The Spotted Sandpiper is widespread throughout North America. Its characteristic teetering or bobbing gate is easy to spot as it walks along the water’s edge. The female sometimes plays a somewhat unique role in the relationship. It is the female who first returns to the nesting grounds, it is the female who vies for and defends her share of lakefront territory and it is the female who chooses her mate. The female typically lays 4 eggs. The male takes over incubation immediately while the female is off to find another male to mate with. She will do this up to 4 or 5 times before settling down to share the nesting duties with her last mate. The former males are left to incubate and take care of the young by themselves. This practice is referred to as polyandry and does not always occur. Often times they are monogamous.
Sandpipers have a boldly spotted black and white belly with grey-brown above and a white wing stripe.They are commonly found along shorelines – sandy, rocky or muddy shores of interior lakes, ponds, rivers and streams as well as on seashores.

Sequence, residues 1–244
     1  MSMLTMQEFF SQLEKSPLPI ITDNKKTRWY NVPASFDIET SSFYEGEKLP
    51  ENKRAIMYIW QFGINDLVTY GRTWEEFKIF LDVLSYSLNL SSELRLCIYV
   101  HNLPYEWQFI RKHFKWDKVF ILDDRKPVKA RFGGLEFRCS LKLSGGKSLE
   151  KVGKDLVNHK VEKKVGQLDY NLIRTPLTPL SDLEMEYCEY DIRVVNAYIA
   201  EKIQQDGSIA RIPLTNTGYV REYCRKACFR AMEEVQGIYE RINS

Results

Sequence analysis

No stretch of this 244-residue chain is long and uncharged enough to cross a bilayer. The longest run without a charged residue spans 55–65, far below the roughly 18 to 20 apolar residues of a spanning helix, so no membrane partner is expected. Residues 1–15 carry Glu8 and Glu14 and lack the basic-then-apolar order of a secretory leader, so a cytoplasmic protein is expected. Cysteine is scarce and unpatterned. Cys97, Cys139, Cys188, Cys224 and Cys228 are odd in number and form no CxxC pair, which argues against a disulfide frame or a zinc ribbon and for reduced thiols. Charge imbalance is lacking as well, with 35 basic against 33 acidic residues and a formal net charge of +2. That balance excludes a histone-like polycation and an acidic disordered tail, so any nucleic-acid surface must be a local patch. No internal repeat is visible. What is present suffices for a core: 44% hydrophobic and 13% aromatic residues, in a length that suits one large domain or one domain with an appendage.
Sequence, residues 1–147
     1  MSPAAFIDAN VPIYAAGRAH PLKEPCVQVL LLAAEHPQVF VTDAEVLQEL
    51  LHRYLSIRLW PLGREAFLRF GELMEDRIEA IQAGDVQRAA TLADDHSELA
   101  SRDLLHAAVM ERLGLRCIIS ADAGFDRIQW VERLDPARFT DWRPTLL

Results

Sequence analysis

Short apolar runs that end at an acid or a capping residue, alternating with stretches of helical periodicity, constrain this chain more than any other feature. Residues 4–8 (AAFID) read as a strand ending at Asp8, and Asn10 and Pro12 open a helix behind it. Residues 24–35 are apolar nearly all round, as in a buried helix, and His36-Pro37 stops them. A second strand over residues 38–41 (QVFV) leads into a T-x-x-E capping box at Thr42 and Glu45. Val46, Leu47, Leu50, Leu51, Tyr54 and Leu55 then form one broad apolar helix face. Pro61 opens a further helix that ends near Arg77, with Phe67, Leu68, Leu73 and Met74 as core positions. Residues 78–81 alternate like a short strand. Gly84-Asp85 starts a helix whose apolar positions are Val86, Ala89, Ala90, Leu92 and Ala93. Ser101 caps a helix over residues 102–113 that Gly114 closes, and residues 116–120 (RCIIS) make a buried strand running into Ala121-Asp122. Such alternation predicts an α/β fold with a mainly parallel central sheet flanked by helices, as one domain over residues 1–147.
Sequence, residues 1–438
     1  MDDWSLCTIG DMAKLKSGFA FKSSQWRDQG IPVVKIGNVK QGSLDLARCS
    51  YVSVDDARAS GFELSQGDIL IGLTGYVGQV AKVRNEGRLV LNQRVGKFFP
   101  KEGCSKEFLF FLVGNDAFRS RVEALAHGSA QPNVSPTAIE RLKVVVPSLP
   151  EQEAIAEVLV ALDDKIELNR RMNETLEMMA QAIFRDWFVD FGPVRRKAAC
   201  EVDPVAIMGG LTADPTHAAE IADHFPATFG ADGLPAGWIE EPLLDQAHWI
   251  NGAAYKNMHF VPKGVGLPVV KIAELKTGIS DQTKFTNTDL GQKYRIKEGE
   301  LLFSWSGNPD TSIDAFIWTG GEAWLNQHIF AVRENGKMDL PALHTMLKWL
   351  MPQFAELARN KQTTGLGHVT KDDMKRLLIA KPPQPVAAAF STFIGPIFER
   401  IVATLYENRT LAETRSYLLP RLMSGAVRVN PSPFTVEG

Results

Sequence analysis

The Sandpiper’s diet consists mostly of small invertebrates – flies, worms, grasshoppers, beetles – plus snails and small fish. Their nest is a hollow in the ground hidden in the grass, with a thin lining of materials such as grass and moss. The nest is usually situated close to the water. An average of 4 eggs are laid with an incubation period of 20 to 22 days. The young leave the nest soon after hatching and are independent after 17 to 21 days.